Friday, March 23, 2012

Two Trains of Thought

Yesterday, Patti Abbott blogged about how readers and writers see the relationship between the novel and the short story:

In the 2011 O'Henry Awards, A.M. Homes compares novels to short stories by using the metaphor of a train. "The novel is a cross-country trip; one boards leisurely in D.C. and watches the landscape unfold as the train passes through Maryland, Ohio, Illinois as one prepares to disembark in L.A.'s Union Station. The short story is like hopping on that same train already in motion in Chicago and riding it into Albuquerque with no time to waste."

Is this a good metaphor for you?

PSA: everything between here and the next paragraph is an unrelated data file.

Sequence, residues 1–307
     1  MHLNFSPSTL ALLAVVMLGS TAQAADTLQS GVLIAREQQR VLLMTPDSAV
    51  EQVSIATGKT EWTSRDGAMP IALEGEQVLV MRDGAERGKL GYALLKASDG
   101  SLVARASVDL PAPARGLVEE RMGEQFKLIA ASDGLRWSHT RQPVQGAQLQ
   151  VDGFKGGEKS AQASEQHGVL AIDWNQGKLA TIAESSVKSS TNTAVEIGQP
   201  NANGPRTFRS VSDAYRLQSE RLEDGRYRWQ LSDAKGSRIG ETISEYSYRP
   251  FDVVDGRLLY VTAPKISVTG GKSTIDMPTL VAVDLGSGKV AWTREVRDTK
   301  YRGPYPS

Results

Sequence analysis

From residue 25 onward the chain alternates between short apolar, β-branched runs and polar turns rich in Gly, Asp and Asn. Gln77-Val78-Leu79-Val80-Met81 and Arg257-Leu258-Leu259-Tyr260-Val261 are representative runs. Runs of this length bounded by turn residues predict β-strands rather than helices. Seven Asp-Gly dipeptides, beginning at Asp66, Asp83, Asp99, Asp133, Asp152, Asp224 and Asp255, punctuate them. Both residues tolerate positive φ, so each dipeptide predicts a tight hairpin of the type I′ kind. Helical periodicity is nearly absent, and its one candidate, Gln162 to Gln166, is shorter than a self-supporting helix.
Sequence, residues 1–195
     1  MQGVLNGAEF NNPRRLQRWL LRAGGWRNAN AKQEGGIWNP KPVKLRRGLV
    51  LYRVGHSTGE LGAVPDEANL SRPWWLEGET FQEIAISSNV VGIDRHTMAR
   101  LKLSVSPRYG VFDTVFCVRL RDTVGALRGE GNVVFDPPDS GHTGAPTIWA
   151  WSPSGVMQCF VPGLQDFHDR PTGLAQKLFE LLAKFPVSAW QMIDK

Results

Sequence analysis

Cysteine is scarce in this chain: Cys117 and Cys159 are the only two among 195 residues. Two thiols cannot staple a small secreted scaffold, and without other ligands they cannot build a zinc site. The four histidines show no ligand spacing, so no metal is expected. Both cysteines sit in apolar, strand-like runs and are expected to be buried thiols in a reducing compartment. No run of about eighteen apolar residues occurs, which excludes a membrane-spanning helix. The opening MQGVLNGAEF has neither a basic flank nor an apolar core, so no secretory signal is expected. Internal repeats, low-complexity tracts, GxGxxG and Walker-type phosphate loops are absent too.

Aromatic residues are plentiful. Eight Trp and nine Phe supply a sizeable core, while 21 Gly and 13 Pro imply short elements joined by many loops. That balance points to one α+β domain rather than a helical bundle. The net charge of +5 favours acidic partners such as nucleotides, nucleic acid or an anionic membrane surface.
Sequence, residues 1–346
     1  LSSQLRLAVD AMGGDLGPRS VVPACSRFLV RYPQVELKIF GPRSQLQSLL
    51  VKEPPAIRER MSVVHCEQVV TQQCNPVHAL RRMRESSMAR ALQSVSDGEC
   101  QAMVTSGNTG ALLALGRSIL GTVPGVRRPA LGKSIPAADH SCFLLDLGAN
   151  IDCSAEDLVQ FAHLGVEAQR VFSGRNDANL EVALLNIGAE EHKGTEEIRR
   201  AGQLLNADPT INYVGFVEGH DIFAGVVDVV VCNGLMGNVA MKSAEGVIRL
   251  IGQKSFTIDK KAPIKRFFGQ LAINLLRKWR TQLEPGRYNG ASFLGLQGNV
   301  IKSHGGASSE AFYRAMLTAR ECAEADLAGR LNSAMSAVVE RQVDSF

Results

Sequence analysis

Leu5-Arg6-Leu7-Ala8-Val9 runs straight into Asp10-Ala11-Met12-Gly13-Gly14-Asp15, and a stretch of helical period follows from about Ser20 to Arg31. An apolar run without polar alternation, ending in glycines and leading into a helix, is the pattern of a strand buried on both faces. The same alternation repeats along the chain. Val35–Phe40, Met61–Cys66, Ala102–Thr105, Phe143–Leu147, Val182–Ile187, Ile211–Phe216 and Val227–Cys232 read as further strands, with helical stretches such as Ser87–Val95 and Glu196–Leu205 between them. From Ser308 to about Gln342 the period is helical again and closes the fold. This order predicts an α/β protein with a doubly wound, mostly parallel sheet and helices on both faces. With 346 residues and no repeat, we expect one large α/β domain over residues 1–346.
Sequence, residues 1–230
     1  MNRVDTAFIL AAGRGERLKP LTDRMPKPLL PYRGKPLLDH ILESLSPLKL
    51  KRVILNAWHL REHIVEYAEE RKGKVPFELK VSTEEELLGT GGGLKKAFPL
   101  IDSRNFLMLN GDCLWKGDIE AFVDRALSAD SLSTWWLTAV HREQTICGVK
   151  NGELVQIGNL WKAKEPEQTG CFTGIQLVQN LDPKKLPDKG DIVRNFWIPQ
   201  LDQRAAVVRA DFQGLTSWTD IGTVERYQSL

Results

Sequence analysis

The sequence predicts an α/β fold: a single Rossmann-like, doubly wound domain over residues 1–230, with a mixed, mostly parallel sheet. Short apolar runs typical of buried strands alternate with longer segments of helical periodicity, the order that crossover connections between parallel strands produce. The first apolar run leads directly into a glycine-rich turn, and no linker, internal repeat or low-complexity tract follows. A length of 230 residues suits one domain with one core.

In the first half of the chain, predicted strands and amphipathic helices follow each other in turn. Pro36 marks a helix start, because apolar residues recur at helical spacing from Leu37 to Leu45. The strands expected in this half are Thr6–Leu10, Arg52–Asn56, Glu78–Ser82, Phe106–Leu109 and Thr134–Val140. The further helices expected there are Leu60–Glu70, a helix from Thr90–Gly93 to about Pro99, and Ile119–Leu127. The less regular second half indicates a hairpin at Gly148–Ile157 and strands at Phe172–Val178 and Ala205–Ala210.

I commented:

Though short stories are short, I would argue that they should be read more slowly, more attentively than novels. Frenetic action is only one possible virtue of short stories. A better one is that each word, phrase, sentence in a short story is more powerful than any one word, phrase, or sentence in a novel.

I would argue that it's easier to get a head of steam reading a novel such that you don't notice every sentence or paragraph. This is why writers say novels are more forgiving than short stories. I sometimes feel sorry that novelists have to write entire books when, depending on a section's overall pace, readers may just breeze through it.

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